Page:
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Comparison of Upper Airway Patency Using Continuous Positive Airway Pressure Ventilation Via a Nasal Mask With a Face Mask During Induction of Anesthesia on Obese Patients (NCT03024723)

The mechanism of Upper airway obstruction (UAO) during anesthesia shares many similarities with the upper airway obstruction observed during obstructive sleep apnea (OSA). Nasal continuous positive airway pressure (nCPAP) via nasal mask (NM) can maintain the airway patent with near 100% success in patients with OSA. Obesity is a major risk factors for obstructive sleep apnea and obese patients have a higher prevalence of UAO during anesthesia. The investigators hypotheses that nCPAP should eliminate airway obstruction in obese patients under anesthesia. The investigators propose to test this hypothesis and determine the efficacy of nCPAP on maintaining airway patency in obese patients who require general anesthesia compared with CPAP administering face mask.
  • Device: nasal mask CPAP
    CPAP and ventilation administered via nasal mask
    • nCPAP
Ages eligible for Study
18 Years to 65 Years
Genders eligible for Study
All
Accepts Healthy Volunteers
No
Inclusion Criteria:
  • Body Mass Index:30 to 50 kg/ m2, Age: 18-65 years old ASA physical status classification: I-III Requiring general anesthesia for elective surgery
Exclusion Criteria:
  • Patients with major cardiovascular disease, respiratory disease, cerebral vascular disease or American Society of Anesthesiologists physical status class IV or greater.
  • Abnormal vital signs on the day of admission for surgery [heart rate (HR, >100 bpm or <40 bpm), blood pressure (BP, >180/100 mmHg or <90/60 mmHg), room air transcutaneous oxyhemoglobin saturation (SPO2) <96%] that are not correctable with his or her routine medication or commonly used pre-operative medication.
  • Having claustrophobia and not able to tolerate the mask.
  • Any person with an anticipated difficult airway or those with a history of difficult airway. This will include subjects who require or may require either a fiberoptic intubation or intubation while awake.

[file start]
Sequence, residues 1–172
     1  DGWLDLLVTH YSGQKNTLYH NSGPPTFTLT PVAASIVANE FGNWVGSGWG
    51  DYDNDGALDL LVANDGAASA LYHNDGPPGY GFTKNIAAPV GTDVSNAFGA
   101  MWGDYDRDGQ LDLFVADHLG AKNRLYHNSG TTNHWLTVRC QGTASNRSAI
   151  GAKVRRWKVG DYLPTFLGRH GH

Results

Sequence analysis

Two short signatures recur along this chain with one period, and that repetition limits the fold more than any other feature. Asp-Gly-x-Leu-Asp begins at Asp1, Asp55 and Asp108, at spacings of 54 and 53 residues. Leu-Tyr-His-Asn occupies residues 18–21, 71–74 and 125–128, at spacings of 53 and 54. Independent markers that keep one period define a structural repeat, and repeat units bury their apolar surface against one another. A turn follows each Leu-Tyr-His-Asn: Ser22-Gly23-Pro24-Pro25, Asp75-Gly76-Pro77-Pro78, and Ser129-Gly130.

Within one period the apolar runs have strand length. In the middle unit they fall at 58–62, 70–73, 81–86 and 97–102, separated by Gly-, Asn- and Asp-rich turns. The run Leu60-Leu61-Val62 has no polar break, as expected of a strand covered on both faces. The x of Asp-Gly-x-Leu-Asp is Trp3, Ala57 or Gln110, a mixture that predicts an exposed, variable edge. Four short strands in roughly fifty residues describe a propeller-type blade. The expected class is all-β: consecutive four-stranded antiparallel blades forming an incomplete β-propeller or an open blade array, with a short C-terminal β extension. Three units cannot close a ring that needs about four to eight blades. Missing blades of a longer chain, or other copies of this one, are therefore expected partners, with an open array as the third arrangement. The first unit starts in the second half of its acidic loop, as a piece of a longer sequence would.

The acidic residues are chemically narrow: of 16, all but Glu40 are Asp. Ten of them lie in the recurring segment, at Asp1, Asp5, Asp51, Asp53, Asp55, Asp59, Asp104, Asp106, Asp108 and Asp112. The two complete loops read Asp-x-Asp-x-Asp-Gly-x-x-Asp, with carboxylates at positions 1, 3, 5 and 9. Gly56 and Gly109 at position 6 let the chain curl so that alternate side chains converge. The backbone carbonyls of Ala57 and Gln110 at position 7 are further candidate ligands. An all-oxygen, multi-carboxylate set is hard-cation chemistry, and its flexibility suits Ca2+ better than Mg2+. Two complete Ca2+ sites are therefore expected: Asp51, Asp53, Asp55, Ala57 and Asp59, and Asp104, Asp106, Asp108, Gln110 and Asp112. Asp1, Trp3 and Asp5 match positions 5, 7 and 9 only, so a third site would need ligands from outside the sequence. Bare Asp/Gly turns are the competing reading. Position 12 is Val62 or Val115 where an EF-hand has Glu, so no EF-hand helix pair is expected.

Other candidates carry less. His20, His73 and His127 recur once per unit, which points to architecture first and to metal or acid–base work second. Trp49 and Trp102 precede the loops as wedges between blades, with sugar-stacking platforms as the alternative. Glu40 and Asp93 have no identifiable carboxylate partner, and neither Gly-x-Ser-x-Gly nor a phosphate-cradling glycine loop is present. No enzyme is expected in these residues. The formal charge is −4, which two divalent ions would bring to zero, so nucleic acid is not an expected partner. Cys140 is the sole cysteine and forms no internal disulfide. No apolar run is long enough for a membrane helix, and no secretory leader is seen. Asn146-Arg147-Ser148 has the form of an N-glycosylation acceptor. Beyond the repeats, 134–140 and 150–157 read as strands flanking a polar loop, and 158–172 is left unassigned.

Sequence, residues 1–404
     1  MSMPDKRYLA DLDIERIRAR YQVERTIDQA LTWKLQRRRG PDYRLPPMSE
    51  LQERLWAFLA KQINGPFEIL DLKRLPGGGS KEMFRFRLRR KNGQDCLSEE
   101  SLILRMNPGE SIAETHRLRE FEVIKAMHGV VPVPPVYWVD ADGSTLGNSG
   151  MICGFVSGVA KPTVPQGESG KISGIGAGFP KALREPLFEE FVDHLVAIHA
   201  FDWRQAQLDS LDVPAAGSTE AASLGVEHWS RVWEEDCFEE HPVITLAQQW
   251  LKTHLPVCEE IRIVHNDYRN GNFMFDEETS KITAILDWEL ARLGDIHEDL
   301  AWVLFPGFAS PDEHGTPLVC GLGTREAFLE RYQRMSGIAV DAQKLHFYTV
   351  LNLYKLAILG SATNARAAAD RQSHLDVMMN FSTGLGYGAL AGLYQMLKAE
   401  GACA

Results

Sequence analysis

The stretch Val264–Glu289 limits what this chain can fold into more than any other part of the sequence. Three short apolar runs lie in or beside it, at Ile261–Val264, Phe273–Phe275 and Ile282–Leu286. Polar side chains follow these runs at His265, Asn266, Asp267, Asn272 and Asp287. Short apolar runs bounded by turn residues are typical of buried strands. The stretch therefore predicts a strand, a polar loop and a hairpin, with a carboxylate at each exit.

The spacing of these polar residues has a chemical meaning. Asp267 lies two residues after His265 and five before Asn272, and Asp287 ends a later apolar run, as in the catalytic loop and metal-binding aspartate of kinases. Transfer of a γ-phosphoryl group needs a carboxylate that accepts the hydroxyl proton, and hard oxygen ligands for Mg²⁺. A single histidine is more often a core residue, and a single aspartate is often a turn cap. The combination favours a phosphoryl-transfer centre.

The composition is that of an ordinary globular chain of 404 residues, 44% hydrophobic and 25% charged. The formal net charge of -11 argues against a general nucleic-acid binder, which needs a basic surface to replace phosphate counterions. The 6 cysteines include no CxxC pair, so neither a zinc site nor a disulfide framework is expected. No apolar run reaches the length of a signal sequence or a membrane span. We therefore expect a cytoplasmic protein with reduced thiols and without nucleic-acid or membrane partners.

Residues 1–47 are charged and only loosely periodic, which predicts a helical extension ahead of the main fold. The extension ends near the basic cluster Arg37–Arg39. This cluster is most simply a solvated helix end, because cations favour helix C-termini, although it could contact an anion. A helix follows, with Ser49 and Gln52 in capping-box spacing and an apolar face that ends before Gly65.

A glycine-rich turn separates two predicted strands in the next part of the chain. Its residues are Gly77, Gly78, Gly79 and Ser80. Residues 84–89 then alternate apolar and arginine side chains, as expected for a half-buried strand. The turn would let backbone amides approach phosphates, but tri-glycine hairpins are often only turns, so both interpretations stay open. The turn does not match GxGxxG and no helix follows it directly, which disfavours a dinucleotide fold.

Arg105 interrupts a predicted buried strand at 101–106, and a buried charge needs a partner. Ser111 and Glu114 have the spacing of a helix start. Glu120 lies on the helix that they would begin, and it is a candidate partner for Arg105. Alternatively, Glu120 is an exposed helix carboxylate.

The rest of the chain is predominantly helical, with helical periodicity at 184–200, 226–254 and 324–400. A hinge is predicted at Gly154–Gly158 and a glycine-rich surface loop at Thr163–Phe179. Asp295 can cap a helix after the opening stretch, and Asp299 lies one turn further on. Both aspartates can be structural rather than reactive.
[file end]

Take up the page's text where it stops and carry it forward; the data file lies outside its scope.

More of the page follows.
• Gastric-esophageal reflex disease that is refractory to treatment or a full stomach.
  • The subject has been in bed for more than 24 hours.
  • Neurological symptoms associated with neck extension, a neurological deficit from a previous stroke or spinal cord injury, a recent stroke or transient ischemic attack (TIA) within 2 weeks.
  • Pregnant women and women less than one month post-partum. Ruling out pregnancy will be conducted by careful history and physical examination as performed routinely prior to surgery. If the history is believed to be unreliable, the patient will be excluded unless a pregnancy test is performed and the result of the test is negative.
  • Emergency cases and subjects who have not adhered to the ASA NPO (Nil Per Os) guidelines.
Upper airway obstruction (UAO) is an unpredictable and frequently occurring complication during induction of general anesthesia. Since obese patients are more vulnerable to develop airway obstruction either during sleep1 or under anesthesia, and the segment of obese individuals in the entire population keep growing, difficult airway management under anesthesia becomes even more challenging than ever. The most serious event related to difficult airway management under anesthesia is "cannot intubate, cannot ventilate".

The mechanism of UAO during anesthesia has not been well understood. Obese patients are a high-risk group for perioperative airway catastrophe and prone to develop progressively narrower pharyngeal airways due to an increase of soft tissue volume surrounding the pharyngeal airway. The mechanism of UAO during anesthesia shares many similarities with the upper airway obstruction observed during obstructive sleep apnea (OSA). Nasal continuous positive airway pressure (nCPAP) via nasal mask (NM) can maintain the airway patent with near 100% success in patients with OSA. Obesity is a major risk factors for obstructive sleep apnea and obese patients have a higher prevalence of UAO during anesthesia. Therefore, the investigators hypotheses that nCPAP should eliminate airway obstruction in obese patients under anesthesia. The investigators propose to test this hypothesis and determine the efficacy of nCPAP on maintaining airway patency in obese patients who require general anesthesia.

1 locations

United States (1)
  • Massachusetts General Hospital
    Boston, Massachusetts, United States, 02114
Status:
completed
Type:
Observational
Phase:
-
Start:
31 March, 2015
Updated:
16 March, 2017
Participants:
32
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